You can’t spend a dollar more than once. You can’t account for a dollar more than once, even if the account is in the future. It’s still accounted for.

    Always make sure you have enough to get home.

  45. J.D. says:

    Trent, you need to have some facility to mark “best answers”. Trent’s story in #43 is great! :)

  46. El Cheapo says:

    Did you report the ‘Wii scalping’ as income to the IRS?

  47. Em says:

    I just took out a loan that I can’t afford – and put the cash from the loan in my checking account. Strangely, my home equity LOC rate is 2.75%, while my “Green checking” is paying 3.5%. So, I am making .75% to borrow money! Go figure.

  48. Craig says:

    In essence you borrowed money to keep your emergency savings well funded. I have never heard of any financial planner advising someone to go into debt for their emergency fund, regardless of how low the interest rate was.

    Reminds me of something a great philosopher (George Strait) once said: “I ain’t got a dime, but what I got is mine. I ain’t rich, but Lord I’m free.”

    Nothing like country music to set you on the path to financial freedom! Thanks for your great blog, Trent.

  49. Trent, this is a well-thought out argument. Great post. It sounds like you have some good insight into making money with trends, also. Good for you, buddy.

  50. Dale says:

    If your new Prius was 100% paid for would you borrow against it to add the cushion to your emergency fund?

    Effectively that’s what you’ve done.

  51. Your rationale makes a lot of sense. It is just too bad that you weren’t able to find an interest free loan on a new car purchase. Having a savings account in case of opportunity is important and is something I recently wrote about on my website in an article called “The Importance of an Opportunity Fund.” If only you would have had the money saved for those Magic cards…that seems to haunt you to this day! ;)

  52. Barbara says:

    First, I would consider “flipping Wiis” to be not ethically sound and I would hope that at this point in your life you are still not doing it. Instead of making an either or assumption, why not make an opportunity account or sinking fund for more than one thing. Or better yet, how about settle for a more affordable car, bank what you estimate the monthly payments would be, and eventually put that towards the car. YOu seem to be whining that if you pay cash for the car, you wont have cash for (fill in the blank). Know what, thats the real world. Save more money before you buy a car, or buy a less expensive car. I agree with the poster who said it seems to me youre digging a hole. Telling people that they shouldnt consider an occasional dinner out a treat, and then buying a new car on credit kind of makes no sense. And really, it sets a terrible example.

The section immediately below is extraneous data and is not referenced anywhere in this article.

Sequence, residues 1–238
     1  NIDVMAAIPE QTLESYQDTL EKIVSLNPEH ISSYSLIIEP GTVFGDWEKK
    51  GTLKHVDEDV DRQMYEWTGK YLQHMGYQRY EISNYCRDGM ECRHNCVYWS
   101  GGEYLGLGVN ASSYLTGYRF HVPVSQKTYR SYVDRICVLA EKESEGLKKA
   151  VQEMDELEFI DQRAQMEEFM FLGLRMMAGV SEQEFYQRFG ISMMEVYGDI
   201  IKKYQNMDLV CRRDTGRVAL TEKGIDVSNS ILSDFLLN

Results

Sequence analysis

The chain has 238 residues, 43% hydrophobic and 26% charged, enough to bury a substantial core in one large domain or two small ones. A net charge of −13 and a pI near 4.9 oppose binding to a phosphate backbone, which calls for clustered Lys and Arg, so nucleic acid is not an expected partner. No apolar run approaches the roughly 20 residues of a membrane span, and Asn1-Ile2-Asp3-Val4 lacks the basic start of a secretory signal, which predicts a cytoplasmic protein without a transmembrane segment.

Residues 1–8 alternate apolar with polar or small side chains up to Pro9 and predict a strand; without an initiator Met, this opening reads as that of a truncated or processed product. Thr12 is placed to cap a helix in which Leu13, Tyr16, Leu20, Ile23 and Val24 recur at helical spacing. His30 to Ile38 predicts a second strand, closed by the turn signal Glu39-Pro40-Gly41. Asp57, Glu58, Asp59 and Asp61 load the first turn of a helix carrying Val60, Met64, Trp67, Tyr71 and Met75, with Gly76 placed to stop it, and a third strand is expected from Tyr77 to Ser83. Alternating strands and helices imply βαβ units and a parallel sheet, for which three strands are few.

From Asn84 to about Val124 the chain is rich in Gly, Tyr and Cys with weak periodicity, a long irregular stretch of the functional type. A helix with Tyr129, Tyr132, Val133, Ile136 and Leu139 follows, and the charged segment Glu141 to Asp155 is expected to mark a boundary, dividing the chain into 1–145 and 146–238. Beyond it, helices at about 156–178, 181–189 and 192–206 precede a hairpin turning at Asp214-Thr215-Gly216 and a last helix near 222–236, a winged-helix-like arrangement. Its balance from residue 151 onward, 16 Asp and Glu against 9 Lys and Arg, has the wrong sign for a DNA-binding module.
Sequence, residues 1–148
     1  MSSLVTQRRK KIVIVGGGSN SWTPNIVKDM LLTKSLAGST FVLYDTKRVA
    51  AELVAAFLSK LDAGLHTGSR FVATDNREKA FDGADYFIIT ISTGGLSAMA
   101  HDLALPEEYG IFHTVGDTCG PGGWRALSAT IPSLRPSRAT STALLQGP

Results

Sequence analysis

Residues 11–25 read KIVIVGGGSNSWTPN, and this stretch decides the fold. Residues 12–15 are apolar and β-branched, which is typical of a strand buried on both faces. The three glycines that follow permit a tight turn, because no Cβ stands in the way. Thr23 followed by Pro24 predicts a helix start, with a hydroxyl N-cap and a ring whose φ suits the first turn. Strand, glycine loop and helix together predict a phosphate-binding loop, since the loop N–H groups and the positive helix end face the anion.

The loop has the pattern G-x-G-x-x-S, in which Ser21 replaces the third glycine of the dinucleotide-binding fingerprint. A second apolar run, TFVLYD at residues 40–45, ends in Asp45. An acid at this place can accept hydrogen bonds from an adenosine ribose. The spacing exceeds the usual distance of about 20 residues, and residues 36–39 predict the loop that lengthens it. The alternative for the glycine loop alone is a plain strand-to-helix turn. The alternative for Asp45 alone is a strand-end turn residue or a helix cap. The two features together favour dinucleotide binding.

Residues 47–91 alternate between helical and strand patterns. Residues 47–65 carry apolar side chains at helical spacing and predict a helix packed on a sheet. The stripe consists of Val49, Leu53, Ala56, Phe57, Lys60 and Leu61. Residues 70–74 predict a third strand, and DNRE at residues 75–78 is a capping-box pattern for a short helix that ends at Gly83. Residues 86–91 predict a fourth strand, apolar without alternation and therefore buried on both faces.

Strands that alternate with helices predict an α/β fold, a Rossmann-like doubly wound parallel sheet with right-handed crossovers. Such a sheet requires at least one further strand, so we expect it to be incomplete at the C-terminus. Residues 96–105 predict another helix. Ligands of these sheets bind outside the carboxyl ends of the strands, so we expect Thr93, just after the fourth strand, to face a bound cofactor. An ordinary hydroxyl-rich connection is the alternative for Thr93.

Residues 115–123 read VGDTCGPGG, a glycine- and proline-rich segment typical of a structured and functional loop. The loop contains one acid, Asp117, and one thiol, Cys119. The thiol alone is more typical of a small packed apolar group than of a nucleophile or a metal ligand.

53. Shevy says:

    Okay, Troy’s comment was hilarious. I just have to say that before I get serious about interest rates.

    I realize that 4% is not extremely high in the scheme of things. I, myself, have paid 18% for a loan BUT that was back in the 80’s when rates were insanely high! As I said before on the other post, if I can qualify to finance a PT Cruiser for my choice of 0% or 0.9% with my less than stellar credit, Trent should have been able to find and qualify for those rates too. If they aren’t available for the Prius because it’s such a popular car that there are no incentives then that cost should have been factored into the cost of the car when Trent was looking at the various possibilities.